Two impendent Cas9-free homozygous aitr23456 quintuple mutant lines, i.e., aitr23456-c1 and aitr23456-c2, and two impendent Cas9-free homozygous aitr123456 sextuple mutant lines, i.e., aitr123456-c1 and aitr123456-c2, were generated. In all the four mutant lines, single nucleotide insertions were occurred at the target sites for both AITR3 and AITR4 (Fig. 1a), resulting in frame shift after the nucleotide insertion sites and premature stops of AITR3 and AITR4, respectively (Fig. 1b).
The aitr mutants are hyposensitivity to ABA
In both seed germination and cotyledon greening assays, reduced sensitivity to ABA was observed for all the single T-DNA insertion mutants of genes AITR1, AITR2, AITR5 and AITR6, and further reduced ABA sensitivity was observed in the double mutants aitr2 aitr5 (aitr25) and aitr2 aitr6 (aitr26), and triple mutant aitr256 , suggesting that AITRs may have redundant functions in regulating ABA responses.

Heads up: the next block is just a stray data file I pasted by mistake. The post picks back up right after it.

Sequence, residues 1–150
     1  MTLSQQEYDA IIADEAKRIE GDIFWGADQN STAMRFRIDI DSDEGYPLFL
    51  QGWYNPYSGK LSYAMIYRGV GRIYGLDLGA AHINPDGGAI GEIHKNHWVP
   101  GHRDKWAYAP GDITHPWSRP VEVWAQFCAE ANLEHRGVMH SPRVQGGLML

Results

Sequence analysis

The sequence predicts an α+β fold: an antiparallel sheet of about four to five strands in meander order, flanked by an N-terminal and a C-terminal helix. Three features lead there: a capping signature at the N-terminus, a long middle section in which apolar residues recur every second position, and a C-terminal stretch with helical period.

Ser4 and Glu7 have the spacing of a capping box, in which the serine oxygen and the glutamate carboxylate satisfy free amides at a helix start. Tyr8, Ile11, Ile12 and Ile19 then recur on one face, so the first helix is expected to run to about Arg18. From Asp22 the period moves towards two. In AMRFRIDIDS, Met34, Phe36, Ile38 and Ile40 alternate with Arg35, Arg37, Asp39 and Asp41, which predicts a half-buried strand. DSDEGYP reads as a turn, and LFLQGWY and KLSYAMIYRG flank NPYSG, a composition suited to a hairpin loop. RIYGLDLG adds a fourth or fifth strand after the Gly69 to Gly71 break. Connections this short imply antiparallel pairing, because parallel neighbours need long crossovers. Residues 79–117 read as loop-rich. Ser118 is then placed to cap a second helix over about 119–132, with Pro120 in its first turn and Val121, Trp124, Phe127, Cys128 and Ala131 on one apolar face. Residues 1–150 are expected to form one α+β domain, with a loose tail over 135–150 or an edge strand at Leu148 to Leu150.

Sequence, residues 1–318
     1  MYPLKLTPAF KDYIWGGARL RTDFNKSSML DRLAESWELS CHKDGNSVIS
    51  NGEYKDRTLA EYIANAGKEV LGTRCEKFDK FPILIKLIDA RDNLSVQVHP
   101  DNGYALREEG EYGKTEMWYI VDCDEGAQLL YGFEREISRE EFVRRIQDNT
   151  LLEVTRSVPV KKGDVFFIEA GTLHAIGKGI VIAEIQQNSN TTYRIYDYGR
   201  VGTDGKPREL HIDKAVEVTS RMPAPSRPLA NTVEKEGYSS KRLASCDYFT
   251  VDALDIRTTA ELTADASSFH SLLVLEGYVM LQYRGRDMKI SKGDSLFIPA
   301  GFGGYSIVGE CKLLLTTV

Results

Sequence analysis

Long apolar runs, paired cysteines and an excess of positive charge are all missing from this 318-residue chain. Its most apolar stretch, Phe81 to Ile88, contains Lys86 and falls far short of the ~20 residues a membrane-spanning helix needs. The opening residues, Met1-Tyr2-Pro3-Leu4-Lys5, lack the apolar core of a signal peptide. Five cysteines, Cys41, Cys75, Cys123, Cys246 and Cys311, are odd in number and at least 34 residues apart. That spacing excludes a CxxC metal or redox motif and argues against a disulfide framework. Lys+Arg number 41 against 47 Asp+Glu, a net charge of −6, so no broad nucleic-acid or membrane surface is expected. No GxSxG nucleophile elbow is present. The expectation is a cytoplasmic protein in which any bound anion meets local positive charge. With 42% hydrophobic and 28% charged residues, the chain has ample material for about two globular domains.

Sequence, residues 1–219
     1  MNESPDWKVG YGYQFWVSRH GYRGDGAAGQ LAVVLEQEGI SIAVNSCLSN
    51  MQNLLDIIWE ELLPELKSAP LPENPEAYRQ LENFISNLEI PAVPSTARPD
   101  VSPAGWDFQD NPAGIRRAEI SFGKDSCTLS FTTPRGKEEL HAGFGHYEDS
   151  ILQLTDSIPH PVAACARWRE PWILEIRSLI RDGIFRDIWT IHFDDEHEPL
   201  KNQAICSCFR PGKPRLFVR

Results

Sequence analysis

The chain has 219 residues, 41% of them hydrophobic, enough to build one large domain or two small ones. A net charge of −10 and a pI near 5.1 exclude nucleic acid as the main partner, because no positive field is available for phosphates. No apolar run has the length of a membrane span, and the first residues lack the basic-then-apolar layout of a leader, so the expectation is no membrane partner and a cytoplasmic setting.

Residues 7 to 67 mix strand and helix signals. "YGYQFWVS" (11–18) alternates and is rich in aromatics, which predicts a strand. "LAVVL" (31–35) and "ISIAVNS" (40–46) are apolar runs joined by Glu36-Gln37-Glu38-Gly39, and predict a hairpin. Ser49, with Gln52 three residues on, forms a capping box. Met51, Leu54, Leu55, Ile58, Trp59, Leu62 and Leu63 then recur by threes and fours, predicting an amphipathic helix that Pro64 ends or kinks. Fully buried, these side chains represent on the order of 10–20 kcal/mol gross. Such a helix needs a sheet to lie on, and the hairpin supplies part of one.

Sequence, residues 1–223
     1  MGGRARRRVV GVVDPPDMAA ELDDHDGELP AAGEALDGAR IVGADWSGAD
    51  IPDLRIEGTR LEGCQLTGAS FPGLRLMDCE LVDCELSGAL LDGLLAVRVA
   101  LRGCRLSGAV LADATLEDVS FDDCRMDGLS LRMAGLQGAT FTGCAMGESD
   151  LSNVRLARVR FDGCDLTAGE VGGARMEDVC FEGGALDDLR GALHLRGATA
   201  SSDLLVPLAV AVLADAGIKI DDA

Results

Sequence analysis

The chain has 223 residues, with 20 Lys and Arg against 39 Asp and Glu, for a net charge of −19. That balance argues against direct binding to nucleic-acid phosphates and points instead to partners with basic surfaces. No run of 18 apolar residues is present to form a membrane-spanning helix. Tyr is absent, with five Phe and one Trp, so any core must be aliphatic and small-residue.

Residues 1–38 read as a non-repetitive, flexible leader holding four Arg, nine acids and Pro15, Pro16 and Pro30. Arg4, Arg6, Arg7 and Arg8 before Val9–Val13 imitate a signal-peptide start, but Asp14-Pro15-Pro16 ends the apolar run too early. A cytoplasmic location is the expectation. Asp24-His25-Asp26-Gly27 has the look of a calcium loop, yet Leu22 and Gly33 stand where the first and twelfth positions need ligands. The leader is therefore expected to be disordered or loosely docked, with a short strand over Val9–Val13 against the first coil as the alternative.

Seed germination and cotyledon greening assays were used to examine ABA responses of the aitr higher order mutants generated. As shown in Fig. 2, in seed germination assays, all the mutants examined including the aitr256 triple, aitr1256 quadruple, aitr23456 quintuple and aitr123456 sextuple mutants showed greatly reduced sensitivity to ABA at both the concentrations tested. However, little, if any difference on the germination rate was observed between the aitr123456 sextuple and the aitr256 triple mutants (Fig. 2).
All the mutants examined also showed greatly reduced sensitivity to ABA in cotyledon greening assays (Fig. 3a). Almost all the seedlings of all the mutants produced green cotyledons at the presence of ABA, i.e., nearly 100 % green cotyledons for all the mutant seedlings, compared with ~ 50 % for the Col wild type seedlings (Fig. 3b).